I failed a lot this year (you can read about them all here in my failure report), but also had some amazing successes with teachers and students at our school.

The Einstein Project is one of those stories that could have been an enormous failure, but instead turned into a project that defined a class, department, and school. If you want to dig right in and see what it’s all about, watch this video. Then I’ll explain the details below:

Last year we reimagined what the old “Shop Class” could become and rewrote our entire K-12 Technology Education curriculum as a transformed Maker Department.

The Elementary technology labs became FLITE School (with our teachers now called FLITE Technicians). Our High School Shop transformed into the Upper Perk xLab with 3d Printers, CNC Router, Heat Press, Vinyl Cutter, Vex Robotics, and a lot of raw material and tools for students to create whatever they could dream up!

On a trip to present at the BrightBytes Institute in Pittsburgh last spring, Dan Moyer (one of our xLab teachers at the HS) and I were discussing the changes that were made and what could happen next year to empower our students at an even greater level.

Our conversation turned to Einstein, someone who we admired more for his risk-taking and curious view of the world, than even his accomplishments. Dan said, “I want students to go through a process like Einstein. Solving big problems that bother them. Solving problems that make them wake up in the morning excited about school.”

The process Dan was referring to is design thinking (the LAUNCH Cycle), and the comment immediately brought up memories of my work as a teacher with the 20% Project and Genius Hour.

The conversation continued over the coming weeks and months, and Dan had the Einstein Project fleshed out enough to share with his colleague Blake, and the students in the xLab.

The Einstein Project

Einstein Project Overview

The “Einstein Project” is designed to find a solution to an everyday problem that makes you passionate in your thinking and designing. This project is designed to make you think outside of the box as active learners and create solutions in uncommon ways, forget about failing or succeeding and take chances. Learn from your failures and create opportunities to succeed with the new knowledge that you have!

~ “I have no special talents. I am only passionately curious.” – Albert Einstein

Create a “plan” to inform the class, school and general public of your chosen innovation or project. This plan should include insight into your drive and passion that has motivated you to select this project.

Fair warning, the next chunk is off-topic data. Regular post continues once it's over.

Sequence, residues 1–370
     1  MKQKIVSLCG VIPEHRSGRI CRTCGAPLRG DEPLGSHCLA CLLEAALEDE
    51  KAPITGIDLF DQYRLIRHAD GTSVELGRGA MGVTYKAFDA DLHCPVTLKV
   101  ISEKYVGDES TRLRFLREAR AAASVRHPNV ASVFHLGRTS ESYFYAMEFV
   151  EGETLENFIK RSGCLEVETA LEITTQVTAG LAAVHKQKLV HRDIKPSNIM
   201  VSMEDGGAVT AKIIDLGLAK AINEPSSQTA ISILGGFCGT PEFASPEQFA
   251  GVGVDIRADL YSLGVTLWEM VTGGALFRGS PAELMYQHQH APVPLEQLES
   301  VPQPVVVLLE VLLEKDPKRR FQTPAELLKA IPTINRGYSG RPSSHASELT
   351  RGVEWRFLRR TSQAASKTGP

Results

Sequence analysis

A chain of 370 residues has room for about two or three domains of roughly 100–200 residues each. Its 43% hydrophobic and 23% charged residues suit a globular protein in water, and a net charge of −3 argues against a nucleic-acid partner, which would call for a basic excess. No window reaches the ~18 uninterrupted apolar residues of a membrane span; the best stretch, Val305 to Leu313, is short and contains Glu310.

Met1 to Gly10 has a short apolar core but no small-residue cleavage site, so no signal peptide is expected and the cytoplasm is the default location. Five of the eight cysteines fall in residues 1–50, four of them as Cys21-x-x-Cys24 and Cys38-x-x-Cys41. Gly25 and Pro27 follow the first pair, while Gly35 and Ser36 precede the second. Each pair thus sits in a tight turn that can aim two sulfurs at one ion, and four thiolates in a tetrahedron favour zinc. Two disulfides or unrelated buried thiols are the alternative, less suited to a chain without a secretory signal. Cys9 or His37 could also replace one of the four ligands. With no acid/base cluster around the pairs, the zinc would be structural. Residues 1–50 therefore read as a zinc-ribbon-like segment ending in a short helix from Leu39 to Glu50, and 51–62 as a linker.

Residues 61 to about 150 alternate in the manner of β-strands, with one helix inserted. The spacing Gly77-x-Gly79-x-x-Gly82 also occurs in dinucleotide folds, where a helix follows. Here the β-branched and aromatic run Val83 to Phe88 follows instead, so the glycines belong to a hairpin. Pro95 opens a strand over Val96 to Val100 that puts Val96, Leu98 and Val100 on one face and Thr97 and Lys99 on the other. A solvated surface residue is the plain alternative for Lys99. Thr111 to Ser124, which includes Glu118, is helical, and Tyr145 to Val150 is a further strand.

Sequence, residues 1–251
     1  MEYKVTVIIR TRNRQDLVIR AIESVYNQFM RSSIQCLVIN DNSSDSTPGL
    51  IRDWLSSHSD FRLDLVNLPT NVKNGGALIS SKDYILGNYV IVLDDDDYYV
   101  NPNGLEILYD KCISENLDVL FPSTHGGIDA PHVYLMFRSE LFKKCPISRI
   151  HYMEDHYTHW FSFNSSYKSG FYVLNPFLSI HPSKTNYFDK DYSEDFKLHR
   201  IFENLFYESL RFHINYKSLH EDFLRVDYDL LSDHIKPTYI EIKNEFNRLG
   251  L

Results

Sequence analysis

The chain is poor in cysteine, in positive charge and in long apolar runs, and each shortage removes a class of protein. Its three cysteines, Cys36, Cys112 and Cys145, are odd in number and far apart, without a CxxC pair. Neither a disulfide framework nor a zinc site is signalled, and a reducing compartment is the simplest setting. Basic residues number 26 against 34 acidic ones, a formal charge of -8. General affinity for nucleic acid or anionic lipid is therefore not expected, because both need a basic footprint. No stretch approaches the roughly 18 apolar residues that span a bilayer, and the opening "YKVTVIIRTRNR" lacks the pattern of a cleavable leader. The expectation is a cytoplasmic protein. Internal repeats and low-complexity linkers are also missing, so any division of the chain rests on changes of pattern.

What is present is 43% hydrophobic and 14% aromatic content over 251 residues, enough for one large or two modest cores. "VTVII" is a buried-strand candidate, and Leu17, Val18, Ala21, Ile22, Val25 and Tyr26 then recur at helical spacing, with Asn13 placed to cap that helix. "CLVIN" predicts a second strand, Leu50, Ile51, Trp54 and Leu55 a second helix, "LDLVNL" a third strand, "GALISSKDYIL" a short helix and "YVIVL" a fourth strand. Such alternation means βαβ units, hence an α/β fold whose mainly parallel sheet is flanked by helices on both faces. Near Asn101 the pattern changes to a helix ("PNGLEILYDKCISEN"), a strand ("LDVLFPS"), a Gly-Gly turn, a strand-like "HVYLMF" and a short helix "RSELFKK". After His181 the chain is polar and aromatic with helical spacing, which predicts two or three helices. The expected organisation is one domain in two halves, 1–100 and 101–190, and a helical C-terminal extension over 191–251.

• Using this form as a template, develop a plan for goals identified in the project requirements.
  • Modify the form as needed to fit your unique project. (make a copy)
  • Create a working document to share with each of the collaboration groups.
  • Keep your digital portfolio journal up to date and bring it to meetings.  
  • Bi-weekly class meetings – groups/individuals will share successes, failures and design updates as well as provide insight based on experiences.
  • Use the appropriate tools, technologies and resources to ensure success in your process.

Einstein Project Infographic (click here)

Einstein Project Outline For Students


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Einstein Action Plan

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Einstein Project Rubric

Screen Shot 2016-06-30 at 2.43.22 PM Cost Analysis


Screen Shot 2016-06-30 at 2.43.30 PMPlease SHARE THIS VIDEO!

If you are interested in the Einstein Project and want to have a better understanding of design thinking projects, check out our new book: LAUNCH: Using Design Thinking to Boost Creativity and Bring Out the Maker in Every Student.

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Join the discussion 5 Comments

  • kathy gorski says:

    Exciting! Especially as we has just (in April) reworked an afterschool program that looks pretty much like this – very validating for me as I stumble along!

  • Tricia says:

    This is amazing! Where are all of the girls? I love the idea of using this with younger students – can’t wait to figure out the details.

  • jan avellana says:

    I just discovered you–YAY!!! Do you have suggestions for implementing genius hour in my 1st grade class (23 students, 1 teacher)? Even simplified recording and planning sheets would help IMMENSELY! Thank you so much!

    Mrs. Jan Avellana,
    Grade 1 Teacher,
    Hahaione Elementary School
    Honolulu, Hawaii
    Twitter: @mrs_avellana

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